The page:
Swiss police clash with anti-Davos protesters

2nd February 2009, Comments 0 comments

Sixty people are arrested Saturday in Geneva after hundreds protest the World Economic Forum.

GENEVA - Swiss police clashed with demonstrators against the Davos forum on Saturday, firing tear gas in central Geneva after officers were pelted with bottles and fireworks.

Sixty people were arrested after hundreds of protestors converged on the centre of Geneva to protest the World Economic Forum in Davos in defiance of a ban imposed by local authorities, a police spokesman said.

Organisers appealed for calm, while attacking the ban on the march.

But bottles and firecrackers were thrown at the riot police who charged the demonstrators, using teargas grenades.

"Around 60 people were arrested, of whom 20 have already been released," police spokesman Jean-Philippe Brandt said two hours after the start of the protest.

He said no injuries were reported on either side, adding that most demonstrators were dispersed and only a core of some 100 radicals were being contained by police.

After tentatively allowing the rally to go ahead, the regional government said in January the organisers of the demonstration were unable to provide sufficient security guarantees to stage the event in the western Swiss city.

Police equipped with a water cannon blocked the planned route of the march, while participants were systematically checked and their bags searched.

In Davos itself, a group of several dozen protestors marched through the snow-covered Alpine village, holding a giant banner that read "You Are The Crisis".

Another small group chanting "No To the WEF" threw fake blood on security barriers and ripped down sheeting on the perimeter.

Anti-globalisation groups frequently protest against the annual meeting of the select group of the world's business and political elite in the eastern mountain resort of Davos, although demonstrations subsided in recent years.

Laurent Moutinot, the Geneva canton's minister in charge of home affairs and policing, said in late January, "We're not facing a popular movement, but a group of people who deliberately aim to come here for a bust-up."

Banners being carried Saturday called for freedom of expression and attacked the "capitalist swindle", claiming that "the blackmailers of the WEF are mortgaging our future".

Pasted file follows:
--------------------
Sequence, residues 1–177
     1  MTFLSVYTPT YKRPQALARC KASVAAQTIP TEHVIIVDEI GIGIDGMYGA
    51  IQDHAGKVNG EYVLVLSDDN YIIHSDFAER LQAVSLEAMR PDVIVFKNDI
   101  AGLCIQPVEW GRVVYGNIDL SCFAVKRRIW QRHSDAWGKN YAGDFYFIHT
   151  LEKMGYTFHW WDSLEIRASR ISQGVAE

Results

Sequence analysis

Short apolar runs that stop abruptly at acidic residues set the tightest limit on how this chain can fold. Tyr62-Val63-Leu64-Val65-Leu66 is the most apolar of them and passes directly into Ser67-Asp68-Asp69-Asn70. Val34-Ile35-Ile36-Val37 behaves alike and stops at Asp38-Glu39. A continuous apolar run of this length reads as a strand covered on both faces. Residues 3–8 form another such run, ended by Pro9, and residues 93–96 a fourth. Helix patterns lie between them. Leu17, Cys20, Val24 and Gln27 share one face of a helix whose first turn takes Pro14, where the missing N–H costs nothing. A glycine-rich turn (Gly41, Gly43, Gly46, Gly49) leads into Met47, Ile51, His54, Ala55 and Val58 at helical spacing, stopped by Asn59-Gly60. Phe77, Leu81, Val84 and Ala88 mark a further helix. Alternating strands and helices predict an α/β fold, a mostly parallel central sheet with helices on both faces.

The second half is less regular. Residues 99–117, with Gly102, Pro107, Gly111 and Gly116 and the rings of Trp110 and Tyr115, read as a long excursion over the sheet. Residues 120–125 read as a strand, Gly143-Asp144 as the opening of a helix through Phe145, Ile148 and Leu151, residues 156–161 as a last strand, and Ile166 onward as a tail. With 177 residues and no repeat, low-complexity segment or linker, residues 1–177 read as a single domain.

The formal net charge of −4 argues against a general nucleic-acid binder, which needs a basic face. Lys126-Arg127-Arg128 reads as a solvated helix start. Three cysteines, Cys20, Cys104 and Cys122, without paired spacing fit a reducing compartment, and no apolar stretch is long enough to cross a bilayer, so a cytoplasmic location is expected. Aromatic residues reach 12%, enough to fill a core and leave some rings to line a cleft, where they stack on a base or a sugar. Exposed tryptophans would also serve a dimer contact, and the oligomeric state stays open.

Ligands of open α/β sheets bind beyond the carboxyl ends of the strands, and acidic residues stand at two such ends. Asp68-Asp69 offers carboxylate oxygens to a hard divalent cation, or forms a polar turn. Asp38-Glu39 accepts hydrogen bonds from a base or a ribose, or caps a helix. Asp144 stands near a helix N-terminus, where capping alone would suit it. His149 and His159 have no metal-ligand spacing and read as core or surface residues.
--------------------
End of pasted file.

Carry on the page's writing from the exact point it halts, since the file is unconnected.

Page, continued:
Some demonstrators disguised as clowns attempted to provoke the police by ridiculing them.

Later Saturday a "large group" returning to the capital Bern from the Geneva protest tried to hold a demonstration but was dispersed by security forces that used tear gas and rubber bullets, Bern police spokesman Franz Maerki said.

Organisers protested strongly over the banning of the Geneva demonstration, with Eric Decarro of the Solidarites union declaring, "The government of Geneva canton banned a demonstration for the first time in 35 years".

In January a Swiss group of "anarchist and communist political forces" produced posters depicting fiery images of masked protestors, calling for people to join the "revolutionary block" or to "smash WEF".

That stirred up memories in Geneva of protests against a meeting of G8 industrialised countries in nearby France in 2003, which turned into battles between rioters and police and destroyed shops.

Although the Davos meeting takes place on the other side of the country, the WEF's administrative headquarters are just outside Geneva and the prosperous city's private banks and commodity traders are considered a symbol of capitalism.

Davos, perched high in the Alps, is also blocked off by a massive security operation during the event, but a small authorised demonstration of a few dozen people took place there Saturday.

Police kept a low profile, and only some symbolic snowballs and a few shoes were thrown by the protestors.

[AFP / Expatica]

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